Now, it’s time to get our hands dirty… Let’s start with the internship search. You have to ask yourself what you want. Assuming you want to be a strength and conditioning coach, ask yourself the following questions (part two of three).
This is a question that we need to ask ourselves as many times as possible year after year because everything we do on a daily basis needs to be grounded on our answer.
Everything you’ve ever wanted to know about internships, all in one place.
You’ll learn a lot from your strength and conditioning internship — but there are some things you might glean over. Keep these points in mind, and you’ll get even more out of your internship than you thought possible.
A few pro tips from Coach Matt Rhodes: Not everything you learn in a book can be applied to strength and conditioning. Open your mind to new ideas and influences, and learn how your mentor wants things down.
Matt Rhodes’ takeaway lessons for strength coaches in this clip: Put your best foot forward. Stop screaming and start communicating. Hold yourself accountable. Do better and be better.
Honestly, there are so many that I could go on forever. Within my sarcastic tone, I hope the message that comes across is simple.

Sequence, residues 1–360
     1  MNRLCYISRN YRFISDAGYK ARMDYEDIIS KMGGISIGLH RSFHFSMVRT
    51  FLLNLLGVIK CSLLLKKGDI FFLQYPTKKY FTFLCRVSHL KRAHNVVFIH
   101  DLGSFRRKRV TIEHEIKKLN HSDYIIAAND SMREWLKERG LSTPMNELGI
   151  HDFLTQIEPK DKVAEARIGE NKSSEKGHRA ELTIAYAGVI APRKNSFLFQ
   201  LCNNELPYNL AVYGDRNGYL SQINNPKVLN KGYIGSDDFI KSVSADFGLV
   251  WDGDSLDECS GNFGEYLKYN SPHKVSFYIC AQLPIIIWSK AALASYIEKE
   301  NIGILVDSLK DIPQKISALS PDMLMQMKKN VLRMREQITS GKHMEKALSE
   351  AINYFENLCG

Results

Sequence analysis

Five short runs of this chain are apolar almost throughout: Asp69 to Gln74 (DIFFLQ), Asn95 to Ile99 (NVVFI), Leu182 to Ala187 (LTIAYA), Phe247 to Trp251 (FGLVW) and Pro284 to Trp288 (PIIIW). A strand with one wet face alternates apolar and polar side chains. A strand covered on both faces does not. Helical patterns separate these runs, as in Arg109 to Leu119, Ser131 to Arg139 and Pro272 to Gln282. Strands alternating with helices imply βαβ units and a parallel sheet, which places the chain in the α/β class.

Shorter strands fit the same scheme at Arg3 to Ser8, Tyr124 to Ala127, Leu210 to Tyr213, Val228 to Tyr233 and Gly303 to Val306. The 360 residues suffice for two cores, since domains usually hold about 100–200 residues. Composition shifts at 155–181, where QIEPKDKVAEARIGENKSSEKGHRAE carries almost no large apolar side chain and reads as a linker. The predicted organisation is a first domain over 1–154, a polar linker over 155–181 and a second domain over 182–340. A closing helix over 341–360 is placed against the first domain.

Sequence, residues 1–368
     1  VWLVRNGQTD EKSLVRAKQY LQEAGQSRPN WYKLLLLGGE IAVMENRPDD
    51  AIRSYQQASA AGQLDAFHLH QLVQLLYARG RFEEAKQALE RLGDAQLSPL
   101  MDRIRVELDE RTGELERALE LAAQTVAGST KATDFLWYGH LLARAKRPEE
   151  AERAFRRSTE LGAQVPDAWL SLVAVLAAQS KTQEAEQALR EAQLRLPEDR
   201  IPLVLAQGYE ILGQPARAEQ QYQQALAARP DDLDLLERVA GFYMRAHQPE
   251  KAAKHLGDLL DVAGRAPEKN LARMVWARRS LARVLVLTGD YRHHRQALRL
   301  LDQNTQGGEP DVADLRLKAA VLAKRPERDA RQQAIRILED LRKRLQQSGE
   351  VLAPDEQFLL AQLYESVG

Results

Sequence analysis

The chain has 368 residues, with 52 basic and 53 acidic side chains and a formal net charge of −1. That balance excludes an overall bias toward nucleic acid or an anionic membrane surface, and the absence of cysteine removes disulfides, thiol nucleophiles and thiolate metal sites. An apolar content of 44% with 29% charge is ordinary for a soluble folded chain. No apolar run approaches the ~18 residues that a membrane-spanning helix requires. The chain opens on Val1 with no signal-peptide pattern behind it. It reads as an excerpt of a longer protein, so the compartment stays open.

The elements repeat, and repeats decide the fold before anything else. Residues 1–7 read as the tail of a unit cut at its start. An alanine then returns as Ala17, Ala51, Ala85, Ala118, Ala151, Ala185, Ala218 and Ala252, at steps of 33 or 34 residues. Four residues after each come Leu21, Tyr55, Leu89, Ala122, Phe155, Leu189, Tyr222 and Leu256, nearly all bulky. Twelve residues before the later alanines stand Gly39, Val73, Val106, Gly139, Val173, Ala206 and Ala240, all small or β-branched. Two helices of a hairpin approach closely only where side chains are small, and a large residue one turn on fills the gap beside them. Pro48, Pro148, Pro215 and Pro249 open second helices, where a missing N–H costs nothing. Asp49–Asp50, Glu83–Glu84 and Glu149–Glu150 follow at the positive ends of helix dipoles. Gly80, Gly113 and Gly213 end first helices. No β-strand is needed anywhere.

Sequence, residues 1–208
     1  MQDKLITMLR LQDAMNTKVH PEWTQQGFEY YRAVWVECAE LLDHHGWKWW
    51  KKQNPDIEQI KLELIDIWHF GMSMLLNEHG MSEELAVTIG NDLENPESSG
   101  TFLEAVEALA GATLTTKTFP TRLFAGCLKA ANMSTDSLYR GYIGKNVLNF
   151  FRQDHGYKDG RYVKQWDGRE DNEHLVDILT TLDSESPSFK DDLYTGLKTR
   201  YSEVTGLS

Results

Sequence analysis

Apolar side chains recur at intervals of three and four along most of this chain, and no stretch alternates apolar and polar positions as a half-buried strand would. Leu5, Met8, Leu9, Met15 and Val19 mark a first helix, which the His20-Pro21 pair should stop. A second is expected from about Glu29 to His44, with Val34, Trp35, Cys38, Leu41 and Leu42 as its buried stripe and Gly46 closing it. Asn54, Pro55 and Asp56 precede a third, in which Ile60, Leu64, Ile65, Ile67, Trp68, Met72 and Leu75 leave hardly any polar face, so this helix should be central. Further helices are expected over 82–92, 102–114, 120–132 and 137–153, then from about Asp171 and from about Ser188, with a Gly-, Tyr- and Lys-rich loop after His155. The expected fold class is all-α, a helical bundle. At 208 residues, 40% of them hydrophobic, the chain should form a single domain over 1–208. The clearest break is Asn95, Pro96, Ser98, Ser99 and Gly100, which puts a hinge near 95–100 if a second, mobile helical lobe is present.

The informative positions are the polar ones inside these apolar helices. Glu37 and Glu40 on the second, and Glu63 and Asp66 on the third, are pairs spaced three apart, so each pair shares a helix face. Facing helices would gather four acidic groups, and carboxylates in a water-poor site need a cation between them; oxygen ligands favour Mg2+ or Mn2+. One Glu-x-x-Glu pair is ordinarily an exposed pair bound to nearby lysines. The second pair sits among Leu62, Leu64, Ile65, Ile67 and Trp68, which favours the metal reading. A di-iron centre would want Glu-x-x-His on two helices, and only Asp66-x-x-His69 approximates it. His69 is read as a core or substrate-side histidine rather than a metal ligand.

You can be the smartest nutrition or training coach in the world, but if you don’t know how to actually help people your business will fail.
Mike Gittleson once told me that becoming a good coach means learning to use your voice as a weapon. This changed everything about my mindset to communicating with my team.
This is a difficult issue to balance because people expect us to be over the top and screaming all the time. I’m asking that we raise the level of professionalism.
In the realm of strength and conditioning, you are always selling yourself to administrators, athletic directors, sport coaches, your boss, athletes, recruits, and everyone else around you. Will they like what they see?
In sports performance, sometimes you need to shut up, take a seat in the back of the room, and learn before you are ready to lead from the front.
This industry is a sea of turds, full of ‘coaches’ with no credentials and no right to be training anyone. Let’s fix that.
A lot of people on this planet can read what you wrote, so choose your words carefully.
I like to think that, as a profession, we’re much better than we were.